Something has to give with the S&P 500 forward earnings and the price action: this dynamic cannot continue forever. The P/E on the S&P 500 will only compress for so long before we have either sharply negative EPS revisions in the S&P 500 or a substantial rally in the benchmark.
Having an unusual end to this last week, Bespoke published a table in their Bespoke Report showing “forward returns” after such an occurrence:
Look at the “median” historical returns near the bottom of the table: this data is bullish, BUT the interest rate issue makes this a very different time period.
Conclusion / summary: Given the hot CPI data last Friday morning, it’s difficult to come up with a scenario where Jay Powell can offer anything but tough rhetoric with the FOMC policy statement from this Wednesday, June 15th, 2022 meeting. That being said, it seems like this is built into prognosticators’ forecast for the rest of the year. Can the sentiment be any more bearish than it is right now for both higher interest rates and lower stock prices? The remarkable aspect to this is that – with the SPY being down 17% YTD as of Friday, June 10 – the S&P 500 is still well within the normal “correction” range.
If the 10-year Treasury yield trades above the May 9th, ’22, 3.16% – 3.17% high tick in yield, the next stop is the 3.24% – 3.25% highs from October ’18, which was the last tightening cycle prior to this one. The big difference is that in 2018, there wasn’t near the consumer inflation we’re seeing today.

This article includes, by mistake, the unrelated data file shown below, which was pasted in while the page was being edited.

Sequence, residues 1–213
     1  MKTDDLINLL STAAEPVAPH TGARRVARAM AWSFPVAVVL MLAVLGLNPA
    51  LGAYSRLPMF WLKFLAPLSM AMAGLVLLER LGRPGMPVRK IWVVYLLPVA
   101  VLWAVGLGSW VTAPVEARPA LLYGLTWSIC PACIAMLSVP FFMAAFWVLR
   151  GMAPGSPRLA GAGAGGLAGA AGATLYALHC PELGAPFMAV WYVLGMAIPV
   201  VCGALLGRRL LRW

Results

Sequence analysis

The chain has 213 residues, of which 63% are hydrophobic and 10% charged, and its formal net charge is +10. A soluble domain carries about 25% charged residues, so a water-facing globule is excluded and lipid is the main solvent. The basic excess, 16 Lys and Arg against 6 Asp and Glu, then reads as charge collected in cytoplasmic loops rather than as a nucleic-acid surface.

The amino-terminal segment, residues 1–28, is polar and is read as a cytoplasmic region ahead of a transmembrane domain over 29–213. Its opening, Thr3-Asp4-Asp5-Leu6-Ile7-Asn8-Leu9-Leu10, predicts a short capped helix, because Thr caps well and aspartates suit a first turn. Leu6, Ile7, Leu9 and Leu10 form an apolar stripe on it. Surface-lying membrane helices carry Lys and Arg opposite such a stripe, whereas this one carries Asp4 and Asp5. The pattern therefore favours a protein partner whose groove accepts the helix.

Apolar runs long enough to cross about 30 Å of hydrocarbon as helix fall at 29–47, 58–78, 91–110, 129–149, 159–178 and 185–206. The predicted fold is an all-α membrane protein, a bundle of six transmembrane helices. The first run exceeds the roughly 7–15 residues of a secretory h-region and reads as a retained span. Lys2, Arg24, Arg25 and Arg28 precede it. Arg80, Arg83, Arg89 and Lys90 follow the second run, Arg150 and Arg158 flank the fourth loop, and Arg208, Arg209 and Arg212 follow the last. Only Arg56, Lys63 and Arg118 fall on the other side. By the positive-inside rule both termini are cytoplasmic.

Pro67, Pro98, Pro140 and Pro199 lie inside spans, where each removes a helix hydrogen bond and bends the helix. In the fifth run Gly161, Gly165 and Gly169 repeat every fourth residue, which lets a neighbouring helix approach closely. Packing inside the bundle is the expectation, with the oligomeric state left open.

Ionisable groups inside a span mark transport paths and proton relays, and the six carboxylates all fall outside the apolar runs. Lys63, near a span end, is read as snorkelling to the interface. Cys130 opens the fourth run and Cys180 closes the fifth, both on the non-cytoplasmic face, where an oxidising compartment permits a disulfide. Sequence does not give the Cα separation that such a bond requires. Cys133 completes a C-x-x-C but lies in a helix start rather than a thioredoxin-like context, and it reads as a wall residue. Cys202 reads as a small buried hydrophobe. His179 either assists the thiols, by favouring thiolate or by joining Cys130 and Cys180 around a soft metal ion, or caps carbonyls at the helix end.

From a sentiment perspective, I personally think gasoline and crude oil are a H-U-G-E issue, and it’s truly hard to find any energy bears or energy pessimists and the Wall Street sentiment around gas prices and crude seemed to get even more bullish this week. The energy sector is up 64% YTD, and yet it’s still just 5% of the S&P 500 by market cap.
Truly I don’t know what will happen this week, the rest of the month or through the summer, with the stock and bond markets, but many metrics like sentiment, and fear and bond yields have gotten very stretched. The only metric that’s hung in there is S&P 500 earnings, and it would behoove readers to assume that those could see lower revisions with the release of Q2 ’22 financial results starting mid-July ’22.
The Chinese internet stock ETF, KWEB, was down 27% YTD as of May 13th, ’22 but has improved to “just” down 13% YTD as of June 10 ’22. When the Chinese internet stocks are one of your safe haven trades (never owned here), you know it’s a tough market.
All eyes on Wednesday’s FOMC announcement and Jay Powell’s comments. So much talk after Friday’s CPI of a 75 bp hike on Wednesday. I think that would cause panic.
The 3,810 May 20th low for the S&P 500 is still intact.
None of this is a prediction or forecast. Past performance is no guarantee of future results. Evaluate your own risk and appetite for volatility.
Editor’s Note: The summary bullets for this article were chosen by Seeking Alpha editors.